Woodford doubles down on Brexit positioning in apology letter

The troubled equity manager will need liquidity to be contrarian


Neil Woodford has doubled down on his conviction in domestically-focused UK equities, but investors point out liquidity is required for fund managers to take contrarian bets.

In a letter to intermediaries outlining his vision for Equity Income once its suspension lifts, Woodford said his performance had been disappointing for some time.

“I realise this will be concerning and frustrating to you and I am deeply sorry for putting you in this situation and for the impact on your workload,” he said. The email, sent on Tuesday afternoon, also included a template of a letter intermediaries could forward to clients invested in Equity Income.

Woodford’s vision for Equity Income

The fund would be much more liquid but would retain its focus on undervalued companies exposed to the UK economy.

Woodford said: “The global economy is evidently slowing and this represents a considerable near-term challenge for equity markets. The UK is one of the few regional economies that has enough internal momentum to withstand the growing global headwinds.

“At the same time, many companies that generate most of their revenues from the UK economy are as cheap as I can ever remember.”

The shift away from unquoted and illiquid stocks to larger-cap companies would continue, he said. “That shift started in February and further carefully-managed activity is anticipated in the weeks and months ahead to execute the rest of this shift.”

Contrarians need liquidity

However, Woodford must manage fund flows alongside his conviction in the UK economy.

Willis Owen head of personal investing Adrian Lowcock said markets can stay irrational far longer than you (the investor) can stay solvent.

“I think this is the issue for Woodford and is always the issue for contrarian fund managers – even if you are right in the long run – is portfolio and investors nerves able to see you through it,” Lowcock said.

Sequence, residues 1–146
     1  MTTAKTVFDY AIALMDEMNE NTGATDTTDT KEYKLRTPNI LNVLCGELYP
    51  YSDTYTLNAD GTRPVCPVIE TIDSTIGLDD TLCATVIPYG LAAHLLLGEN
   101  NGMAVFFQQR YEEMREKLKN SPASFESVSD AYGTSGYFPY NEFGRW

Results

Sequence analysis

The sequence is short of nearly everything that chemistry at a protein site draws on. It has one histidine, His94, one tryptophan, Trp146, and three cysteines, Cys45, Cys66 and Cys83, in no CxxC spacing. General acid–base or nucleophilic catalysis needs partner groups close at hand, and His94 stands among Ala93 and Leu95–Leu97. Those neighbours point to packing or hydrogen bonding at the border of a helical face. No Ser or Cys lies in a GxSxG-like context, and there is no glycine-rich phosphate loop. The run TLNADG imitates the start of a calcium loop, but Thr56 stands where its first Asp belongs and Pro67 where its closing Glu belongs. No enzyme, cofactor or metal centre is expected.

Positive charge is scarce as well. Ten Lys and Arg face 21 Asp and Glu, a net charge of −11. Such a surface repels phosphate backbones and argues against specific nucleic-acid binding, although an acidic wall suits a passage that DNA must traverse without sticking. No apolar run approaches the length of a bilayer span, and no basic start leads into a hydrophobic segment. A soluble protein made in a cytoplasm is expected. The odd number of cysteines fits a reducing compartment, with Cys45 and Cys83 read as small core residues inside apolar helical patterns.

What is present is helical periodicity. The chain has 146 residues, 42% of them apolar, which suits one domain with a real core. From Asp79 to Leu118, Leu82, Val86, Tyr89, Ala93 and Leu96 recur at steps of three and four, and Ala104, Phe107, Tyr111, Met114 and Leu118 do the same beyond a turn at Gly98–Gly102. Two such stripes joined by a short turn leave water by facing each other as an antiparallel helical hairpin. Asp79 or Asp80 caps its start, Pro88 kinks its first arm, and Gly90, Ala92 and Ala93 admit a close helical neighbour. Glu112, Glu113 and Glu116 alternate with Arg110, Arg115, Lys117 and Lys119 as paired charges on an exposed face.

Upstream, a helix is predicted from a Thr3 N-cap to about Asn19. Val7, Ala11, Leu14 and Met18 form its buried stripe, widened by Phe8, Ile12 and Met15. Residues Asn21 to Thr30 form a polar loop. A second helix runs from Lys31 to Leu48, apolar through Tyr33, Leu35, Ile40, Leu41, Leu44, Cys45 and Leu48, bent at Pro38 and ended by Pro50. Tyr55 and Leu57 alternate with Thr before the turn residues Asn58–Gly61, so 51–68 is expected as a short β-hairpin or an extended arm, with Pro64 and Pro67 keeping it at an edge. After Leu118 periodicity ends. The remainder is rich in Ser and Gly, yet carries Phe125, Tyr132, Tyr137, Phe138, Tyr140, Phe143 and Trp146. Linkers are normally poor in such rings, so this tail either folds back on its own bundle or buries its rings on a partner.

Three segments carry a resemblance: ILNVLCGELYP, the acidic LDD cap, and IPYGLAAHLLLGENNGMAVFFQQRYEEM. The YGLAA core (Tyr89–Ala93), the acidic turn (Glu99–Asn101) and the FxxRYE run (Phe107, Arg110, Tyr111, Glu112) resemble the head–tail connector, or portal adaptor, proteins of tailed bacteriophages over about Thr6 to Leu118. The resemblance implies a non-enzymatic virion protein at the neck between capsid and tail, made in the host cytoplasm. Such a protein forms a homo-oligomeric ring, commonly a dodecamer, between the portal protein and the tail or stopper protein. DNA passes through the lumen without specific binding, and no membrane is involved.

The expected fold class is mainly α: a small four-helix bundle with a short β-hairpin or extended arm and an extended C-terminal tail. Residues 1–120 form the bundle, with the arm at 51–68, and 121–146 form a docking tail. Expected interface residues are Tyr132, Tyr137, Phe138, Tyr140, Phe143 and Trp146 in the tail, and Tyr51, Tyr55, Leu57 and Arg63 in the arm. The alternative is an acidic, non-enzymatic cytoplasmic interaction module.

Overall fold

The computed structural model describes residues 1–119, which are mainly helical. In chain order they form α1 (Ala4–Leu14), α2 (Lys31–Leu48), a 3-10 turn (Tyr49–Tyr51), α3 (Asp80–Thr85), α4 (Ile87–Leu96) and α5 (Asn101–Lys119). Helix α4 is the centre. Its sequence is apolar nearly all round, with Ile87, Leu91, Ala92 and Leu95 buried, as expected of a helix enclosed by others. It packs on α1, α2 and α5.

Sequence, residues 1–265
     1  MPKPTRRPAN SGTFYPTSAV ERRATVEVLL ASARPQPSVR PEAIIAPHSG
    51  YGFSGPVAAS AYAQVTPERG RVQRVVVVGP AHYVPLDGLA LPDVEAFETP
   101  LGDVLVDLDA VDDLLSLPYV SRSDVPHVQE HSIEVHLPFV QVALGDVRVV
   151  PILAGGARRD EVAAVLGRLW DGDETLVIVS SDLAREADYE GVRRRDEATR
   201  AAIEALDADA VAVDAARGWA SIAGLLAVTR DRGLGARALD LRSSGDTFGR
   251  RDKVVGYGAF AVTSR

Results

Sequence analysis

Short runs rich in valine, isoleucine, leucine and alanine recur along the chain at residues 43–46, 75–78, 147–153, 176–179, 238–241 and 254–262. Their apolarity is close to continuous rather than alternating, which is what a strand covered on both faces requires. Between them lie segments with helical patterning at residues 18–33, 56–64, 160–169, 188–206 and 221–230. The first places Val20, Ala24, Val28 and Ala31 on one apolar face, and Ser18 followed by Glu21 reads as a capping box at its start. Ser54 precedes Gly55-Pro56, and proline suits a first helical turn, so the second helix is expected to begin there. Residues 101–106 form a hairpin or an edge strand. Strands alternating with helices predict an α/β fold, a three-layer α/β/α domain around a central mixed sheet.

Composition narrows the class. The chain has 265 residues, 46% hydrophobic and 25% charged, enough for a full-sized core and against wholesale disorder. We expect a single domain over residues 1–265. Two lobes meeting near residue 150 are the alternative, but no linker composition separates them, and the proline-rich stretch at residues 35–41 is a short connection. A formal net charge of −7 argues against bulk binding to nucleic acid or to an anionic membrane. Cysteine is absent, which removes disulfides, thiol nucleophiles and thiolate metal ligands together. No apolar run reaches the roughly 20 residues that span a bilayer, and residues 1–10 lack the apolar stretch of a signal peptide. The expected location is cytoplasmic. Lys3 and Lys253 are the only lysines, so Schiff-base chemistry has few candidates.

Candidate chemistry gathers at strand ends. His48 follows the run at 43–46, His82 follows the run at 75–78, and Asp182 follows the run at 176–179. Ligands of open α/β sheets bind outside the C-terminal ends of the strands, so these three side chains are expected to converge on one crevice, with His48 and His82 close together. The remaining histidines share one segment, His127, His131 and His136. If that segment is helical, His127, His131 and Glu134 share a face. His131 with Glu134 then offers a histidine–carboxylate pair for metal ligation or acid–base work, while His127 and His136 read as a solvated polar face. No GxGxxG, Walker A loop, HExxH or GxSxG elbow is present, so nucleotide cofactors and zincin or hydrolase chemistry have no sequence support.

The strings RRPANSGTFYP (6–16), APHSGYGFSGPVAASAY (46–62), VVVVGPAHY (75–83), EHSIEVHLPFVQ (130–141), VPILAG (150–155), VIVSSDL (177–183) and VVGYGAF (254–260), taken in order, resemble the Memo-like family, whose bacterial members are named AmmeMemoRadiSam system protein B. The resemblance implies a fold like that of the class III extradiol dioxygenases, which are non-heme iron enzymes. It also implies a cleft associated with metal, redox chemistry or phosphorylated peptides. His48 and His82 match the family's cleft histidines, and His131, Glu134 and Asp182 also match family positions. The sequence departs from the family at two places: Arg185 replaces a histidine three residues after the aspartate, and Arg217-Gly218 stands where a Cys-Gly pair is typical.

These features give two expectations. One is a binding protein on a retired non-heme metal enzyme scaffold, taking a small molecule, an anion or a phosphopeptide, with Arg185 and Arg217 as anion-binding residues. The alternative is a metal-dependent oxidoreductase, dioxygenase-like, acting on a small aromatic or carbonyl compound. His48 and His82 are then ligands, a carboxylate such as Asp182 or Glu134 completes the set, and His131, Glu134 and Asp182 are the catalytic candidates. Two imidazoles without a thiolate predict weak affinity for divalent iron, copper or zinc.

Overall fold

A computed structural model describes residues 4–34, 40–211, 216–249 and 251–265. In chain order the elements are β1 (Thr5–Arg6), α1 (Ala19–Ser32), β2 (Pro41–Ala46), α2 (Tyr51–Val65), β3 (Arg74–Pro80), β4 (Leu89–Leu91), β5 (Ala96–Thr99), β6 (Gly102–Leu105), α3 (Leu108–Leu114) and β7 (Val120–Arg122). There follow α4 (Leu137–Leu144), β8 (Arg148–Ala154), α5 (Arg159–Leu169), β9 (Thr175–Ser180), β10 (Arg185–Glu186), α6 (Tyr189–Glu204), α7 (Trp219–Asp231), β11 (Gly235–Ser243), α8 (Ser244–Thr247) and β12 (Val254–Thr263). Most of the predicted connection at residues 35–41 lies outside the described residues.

“You need liquidity to be contrarian.”

AJ Bell head of active portfolios Ryan Hughes reckoned a lot of value managers would currently be in the position of managing outflows and sticking by their out-of-favour bets. “But it’s much easier to do that when you’re in large cap rather than small cap.”

Investors turn elsewhere for pure value play

Woodford Equity Income had effectively introduced a barbell approach with large-cap value picks at one end and small-cap growth opportunities at the other, said Hughes.

But the repositioning outlined in his letter would be unlikely to aid performance in the immediate term, he said. “If he turns the fund into a large-cap value strategy, right now that style has got massive headwinds.”

Hughes said he was willing to stick by underperforming value managers when value is out of favour, but would prefer to gain that exposure through more pure plays on the style than Woodford Equity Income.

“Am I worried about Jupiter Special Situations at the moment? No, not at all. I fully expect when value comes into favour its very well placed to capitalise on that and I’d expect that to outperform.”

Income Focus merger?

Woodford is now turning the Equity Income fund into something that looks very much like Income Focus, said Hughes.

“That begs the question: what’s next? If the two funds are so similar then it may well be an option to merge the two together.”

Lowcock said if Woodford returns to “his true style” then the fund could recover in the long run.

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